Even after years of intense interest and some focused study, billfish biology and ecology remain mostly mysterious given the logistical difficulty of studying them. Although each region of the globe has its challenges, Atlantic billfish—specifically blue marlin, white marlin, sailfish and the roundscale spearfish (a white marlin look-alike that was recently put on the map by the GHRI and its NOAA collaborators)—pose many hurdles to scientists trying to quantify their numbers and study their behavior to develop more effective conservation methods.
The key challenge comes from their migratory nature. Unlike some fish species, which form large schools and migrate in known seasonal patterns, billfish tend to be largely (though not completely) solitary, have expansive territories and their travel patterns are poorly understood. This is compounded by the sparse distribution of billfish. With the possible exception of sailfish, they are so few in number that it is difficult to observe enough fish to determine if the observed migratory behavior of a few animals is typical of the whole species.
This migratory nature also complicates the implementation of management plans, since a given fish may easily travel through multiple national jurisdictions. This means conservation efforts must be agreed upon by a significant number of parties. In the Atlantic alone, there are 48 countries involved in taking billfish, either recreationally or commercially.
Furthermore, not all countries report landings, and research suggests that the great majority of billfish landings come as bycatch in commercial longline fishing operations, perhaps as much as 70 percent. It all adds up to mean accurate stock assessments and effective conservation measures are still an area of constant debate.
Technology, however, is helping researchers make progress on many of these fronts. One of the most effective tools in exploring billfish movements and shedding light on billfish behavior has become the PSAT (pop-up archival satellite tag) tracking devices that record fish movements, diving patterns, water temperature, and other parameters over the course of several months, and then upload this information via satellite for researchers to decipher. The tracks recorded by these devices help researchers piece together important facts about other behaviors, such as feeding and spawning.
In the continued effort to gain a detailed understanding of billfish movements, Dr. Guy Harvey, along with GHRI and NOAA scientists Dr. Eric Prince and John Hoolihan, are working together to tag and track this species in the central Caribbean and eastern tropical Pacific. It is usually difficult to keep the satellite tags on these fast-moving fish for more than two to three months, but two fish (estimated at 120 and 140lbs. each) recently tagged by Guy off his home base in the Cayman Islands have provided six-month tracks, an uncommonly long length of tracking time for this species.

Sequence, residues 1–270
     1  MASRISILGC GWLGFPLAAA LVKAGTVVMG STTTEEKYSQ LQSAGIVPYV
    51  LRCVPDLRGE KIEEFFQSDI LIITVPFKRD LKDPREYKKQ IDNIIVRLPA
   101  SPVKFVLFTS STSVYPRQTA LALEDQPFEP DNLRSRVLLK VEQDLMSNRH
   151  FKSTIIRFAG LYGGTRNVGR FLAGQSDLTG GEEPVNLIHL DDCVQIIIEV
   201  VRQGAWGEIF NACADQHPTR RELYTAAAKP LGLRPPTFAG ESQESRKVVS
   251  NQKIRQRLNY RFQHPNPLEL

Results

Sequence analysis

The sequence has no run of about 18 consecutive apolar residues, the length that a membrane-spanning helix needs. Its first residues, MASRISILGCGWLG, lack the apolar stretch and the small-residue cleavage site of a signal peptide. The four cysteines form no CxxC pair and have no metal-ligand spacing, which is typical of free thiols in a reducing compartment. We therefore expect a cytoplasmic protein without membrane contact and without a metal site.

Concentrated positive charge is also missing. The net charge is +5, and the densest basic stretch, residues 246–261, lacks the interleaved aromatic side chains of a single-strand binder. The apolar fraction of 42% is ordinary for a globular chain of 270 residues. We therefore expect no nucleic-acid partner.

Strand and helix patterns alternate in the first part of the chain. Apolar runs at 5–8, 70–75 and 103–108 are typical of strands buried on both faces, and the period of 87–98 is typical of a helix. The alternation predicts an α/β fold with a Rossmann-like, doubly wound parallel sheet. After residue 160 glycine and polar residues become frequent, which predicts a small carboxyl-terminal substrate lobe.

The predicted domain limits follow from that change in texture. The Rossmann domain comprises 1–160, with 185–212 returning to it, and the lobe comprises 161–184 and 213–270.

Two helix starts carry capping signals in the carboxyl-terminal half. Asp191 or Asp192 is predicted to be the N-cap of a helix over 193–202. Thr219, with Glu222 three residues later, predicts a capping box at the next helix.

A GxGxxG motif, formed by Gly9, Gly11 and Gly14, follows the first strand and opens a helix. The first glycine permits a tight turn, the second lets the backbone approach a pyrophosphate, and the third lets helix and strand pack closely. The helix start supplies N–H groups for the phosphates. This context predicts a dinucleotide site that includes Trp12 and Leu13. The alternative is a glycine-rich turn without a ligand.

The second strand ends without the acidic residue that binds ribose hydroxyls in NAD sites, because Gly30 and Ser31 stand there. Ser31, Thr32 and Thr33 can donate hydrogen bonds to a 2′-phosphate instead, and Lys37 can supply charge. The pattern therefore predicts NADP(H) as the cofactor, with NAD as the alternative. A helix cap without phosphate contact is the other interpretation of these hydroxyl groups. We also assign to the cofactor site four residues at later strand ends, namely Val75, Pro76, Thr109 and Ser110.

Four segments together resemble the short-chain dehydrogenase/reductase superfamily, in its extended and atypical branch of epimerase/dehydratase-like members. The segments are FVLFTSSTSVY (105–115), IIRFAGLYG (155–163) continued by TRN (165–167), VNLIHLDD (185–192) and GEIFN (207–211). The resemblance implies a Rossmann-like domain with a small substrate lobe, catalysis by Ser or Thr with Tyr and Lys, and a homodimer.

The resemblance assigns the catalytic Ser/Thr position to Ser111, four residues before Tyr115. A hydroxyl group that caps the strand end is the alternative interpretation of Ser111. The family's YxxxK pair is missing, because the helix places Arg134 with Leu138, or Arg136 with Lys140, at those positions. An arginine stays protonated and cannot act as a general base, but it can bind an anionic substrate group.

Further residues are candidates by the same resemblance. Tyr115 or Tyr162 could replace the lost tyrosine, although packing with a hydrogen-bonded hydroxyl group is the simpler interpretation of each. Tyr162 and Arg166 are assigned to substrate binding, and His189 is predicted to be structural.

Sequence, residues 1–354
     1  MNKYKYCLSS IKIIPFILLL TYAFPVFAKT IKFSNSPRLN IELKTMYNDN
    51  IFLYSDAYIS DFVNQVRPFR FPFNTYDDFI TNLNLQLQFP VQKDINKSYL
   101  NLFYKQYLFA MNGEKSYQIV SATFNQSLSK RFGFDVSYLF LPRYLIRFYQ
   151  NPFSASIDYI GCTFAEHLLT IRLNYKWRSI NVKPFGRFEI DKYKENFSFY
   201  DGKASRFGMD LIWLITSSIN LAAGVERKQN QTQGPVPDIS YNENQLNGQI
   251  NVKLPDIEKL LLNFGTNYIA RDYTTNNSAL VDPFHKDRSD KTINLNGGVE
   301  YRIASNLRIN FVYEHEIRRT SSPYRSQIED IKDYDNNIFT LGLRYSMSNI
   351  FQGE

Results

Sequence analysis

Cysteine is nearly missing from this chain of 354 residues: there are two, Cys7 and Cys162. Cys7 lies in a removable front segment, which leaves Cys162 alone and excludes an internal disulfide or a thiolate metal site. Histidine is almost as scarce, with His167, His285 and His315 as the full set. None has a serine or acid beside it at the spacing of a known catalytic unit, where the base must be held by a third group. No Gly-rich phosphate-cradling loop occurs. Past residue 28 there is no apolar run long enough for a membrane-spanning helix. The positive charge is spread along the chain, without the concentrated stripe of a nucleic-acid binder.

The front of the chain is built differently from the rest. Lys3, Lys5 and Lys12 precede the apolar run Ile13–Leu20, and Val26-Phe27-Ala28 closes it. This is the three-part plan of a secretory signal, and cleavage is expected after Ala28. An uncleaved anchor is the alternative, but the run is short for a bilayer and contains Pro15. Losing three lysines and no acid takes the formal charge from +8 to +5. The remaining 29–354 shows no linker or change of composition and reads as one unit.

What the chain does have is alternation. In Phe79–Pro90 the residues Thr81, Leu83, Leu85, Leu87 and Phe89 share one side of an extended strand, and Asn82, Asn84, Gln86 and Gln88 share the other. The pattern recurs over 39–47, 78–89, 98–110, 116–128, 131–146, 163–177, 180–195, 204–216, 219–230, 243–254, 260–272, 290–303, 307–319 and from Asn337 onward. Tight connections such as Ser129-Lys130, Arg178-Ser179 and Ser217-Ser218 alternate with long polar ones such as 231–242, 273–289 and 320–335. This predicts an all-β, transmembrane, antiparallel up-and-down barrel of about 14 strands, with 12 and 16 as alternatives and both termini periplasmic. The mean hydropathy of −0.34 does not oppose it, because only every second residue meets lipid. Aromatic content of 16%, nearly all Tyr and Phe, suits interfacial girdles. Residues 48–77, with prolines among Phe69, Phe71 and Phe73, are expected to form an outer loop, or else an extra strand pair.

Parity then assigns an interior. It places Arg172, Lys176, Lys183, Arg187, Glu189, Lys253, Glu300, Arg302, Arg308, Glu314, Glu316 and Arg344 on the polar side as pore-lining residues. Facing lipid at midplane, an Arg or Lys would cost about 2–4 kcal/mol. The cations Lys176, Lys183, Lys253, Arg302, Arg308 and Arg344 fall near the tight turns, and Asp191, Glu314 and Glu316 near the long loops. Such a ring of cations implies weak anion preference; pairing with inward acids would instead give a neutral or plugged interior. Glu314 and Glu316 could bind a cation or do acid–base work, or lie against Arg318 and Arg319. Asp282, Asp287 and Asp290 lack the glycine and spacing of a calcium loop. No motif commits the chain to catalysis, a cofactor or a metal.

To say the least, the results have been revealing. First, despite being tagged at the same place, the two fish wandered off in opposite directions. Second, although neither fish ran off to far regions of the Atlantic based on where they were tagged and where the tags popped up, analysis of the detailed tracks shows they covered some impressive distances. In six months, one fish travelled approximately 3,077 nautical miles and the other nearly twice that much (about 5,939 nautical miles). Of note here is that if you measured just the straight-line distances between the tagging location and the site where the tag popped up, these were only 313 and 131 nautical miles, respectively. The lesson here is that traditional tagging methods for billfish based on simple tag and recapture efforts can provide a highly inaccurate view of how far a fish travels. The challenge to researchers, of course, is that satellite tags and associated satellite time are pricey (about $3,800 per tag), so tagging large numbers of fish to properly decipher their migration patterns is expensive research.
Still, satellite tracking efforts such as these are the key to helping fill in the huge gaps in our knowledge of billfish. And, although the conservation challenges are significant, progress is being made. Some really excellent studies led by Dr. Prince at NOAA have utilized satellite tags to track blue marlin and revealed a remarkable alteration in the depths these fish use depending on ocean oxygen conditions. Basically, Dr. Prince and his colleagues found that blue marlin tracked in the eastern tropical Atlantic (off West Africa) spent much more time in shallower waters compared to fish tracked in the western North Atlantic (off Florida and the Caribbean), which spent more time in deeper waters.
One of the group’s key findings was that this “compression” of depth use by eastern Atlantic fish was related to the much lower oxygen levels that occurred in deeper waters in that area compared to the waters off the western North Atlantic. In other words, the low oxygen below certain depths forced the blue marlin into shallower waters in the eastern Atlantic, where they could become concentrated and, therefore, more exposed to commercial fisheries.
Most anglers recognize the importance of billfish, both as apex predators and as top targets of recreational anglers. As predators, these fish play an important role in the ocean’s intricate food web. As highly prized targets of anglers, they constitute an immensely valuable economic commodity. In fact, numbers from the International Game Fish Association peg the financial impact of U.S. recreational billfish anglers at well over two billion dollars every year. By any measure, they are fish worth fighting and worth fighting for.